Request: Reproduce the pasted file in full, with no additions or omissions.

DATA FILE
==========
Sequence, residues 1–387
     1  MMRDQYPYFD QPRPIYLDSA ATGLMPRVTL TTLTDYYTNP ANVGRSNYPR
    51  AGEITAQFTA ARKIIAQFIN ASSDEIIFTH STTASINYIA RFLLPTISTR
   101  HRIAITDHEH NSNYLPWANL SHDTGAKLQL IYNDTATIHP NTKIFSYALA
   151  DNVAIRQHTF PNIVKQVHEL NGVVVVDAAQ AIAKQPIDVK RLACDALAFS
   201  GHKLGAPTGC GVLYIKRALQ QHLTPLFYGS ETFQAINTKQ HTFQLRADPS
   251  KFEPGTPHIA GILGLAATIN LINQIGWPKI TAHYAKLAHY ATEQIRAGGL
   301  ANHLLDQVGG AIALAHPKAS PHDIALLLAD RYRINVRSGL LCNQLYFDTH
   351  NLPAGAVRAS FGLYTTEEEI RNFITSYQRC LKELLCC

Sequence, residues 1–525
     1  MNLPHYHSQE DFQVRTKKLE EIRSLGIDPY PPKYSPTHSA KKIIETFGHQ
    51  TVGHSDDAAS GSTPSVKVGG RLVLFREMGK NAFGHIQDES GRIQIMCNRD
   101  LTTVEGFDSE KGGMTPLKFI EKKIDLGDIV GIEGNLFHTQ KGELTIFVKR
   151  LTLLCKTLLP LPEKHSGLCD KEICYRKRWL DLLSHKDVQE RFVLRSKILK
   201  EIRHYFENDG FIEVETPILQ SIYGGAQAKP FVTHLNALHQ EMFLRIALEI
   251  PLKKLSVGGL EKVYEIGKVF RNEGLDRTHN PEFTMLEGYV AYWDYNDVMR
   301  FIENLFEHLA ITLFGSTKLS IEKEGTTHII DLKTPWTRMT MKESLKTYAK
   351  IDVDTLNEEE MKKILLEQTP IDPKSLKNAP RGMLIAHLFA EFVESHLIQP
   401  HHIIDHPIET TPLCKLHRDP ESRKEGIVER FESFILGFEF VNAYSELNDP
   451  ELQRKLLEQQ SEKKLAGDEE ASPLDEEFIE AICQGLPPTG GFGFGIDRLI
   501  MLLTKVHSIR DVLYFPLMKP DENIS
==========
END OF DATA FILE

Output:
Sequence, residues 1–387
     1  MMRDQYPYFD QPRPIYLDSA ATGLMPRVTL TTLTDYYTNP ANVGRSNYPR
    51  AGEITAQFTA ARKIIAQFIN ASSDEIIFTH STTASINYIA RFLLPTISTR
   101  HRIAITDHEH NSNYLPWANL SHDTGAKLQL IYNDTATIHP NTKIFSYALA
   151  DNVAIRQHTF PNIVKQVHEL NGVVVVDAAQ AIAKQPIDVK RLACDALAFS
   201  GHKLGAPTGC GVLYIKRALQ QHLTPLFYGS ETFQAINTKQ HTFQLRADPS
   251  KFEPGTPHIA GILGLAATIN LINQIGWPKI TAHYAKLAHY ATEQIRAGGL
   301  ANHLLDQVGG AIALAHPKAS PHDIALLLAD RYRINVRSGL LCNQLYFDTH
   351  NLPAGAVRAS FGLYTTEEEI RNFITSYQRC LKELLCC

Sequence, residues 1–525
     1  MNLPHYHSQE DFQVRTKKLE EIRSLGIDPY PPKYSPTHSA KKIIETFGHQ
    51  TVGHSDDAAS GSTPSVKVGG RLVLFREMGK NAFGHIQDES GRIQIMCNRD
   101  LTTVEGFDSE KGGMTPLKFI EKKIDLGDIV GIEGNLFHTQ KGELTIFVKR
   151  LTLLCKTLLP LPEKHSGLCD KEICYRKRWL DLLSHKDVQE RFVLRSKILK
   201  EIRHYFENDG FIEVETPILQ SIYGGAQAKP FVTHLNALHQ EMFLRIALEI
   251  PLKKLSVGGL EKVYEIGKVF RNEGLDRTHN PEFTMLEGYV AYWDYNDVMR
   301  FIENLFEHLA ITLFGSTKLS IEKEGTTHII DLKTPWTRMT MKESLKTYAK
   351  IDVDTLNEEE MKKILLEQTP IDPKSLKNAP RGMLIAHLFA EFVESHLIQP
   401  HHIIDHPIET TPLCKLHRDP ESRKEGIVER FESFILGFEF VNAYSELNDP
   451  ELQRKLLEQQ SEKKLAGDEE ASPLDEEFIE AICQGLPPTG GFGFGIDRLI
   501  MLLTKVHSIR DVLYFPLMKP DENIS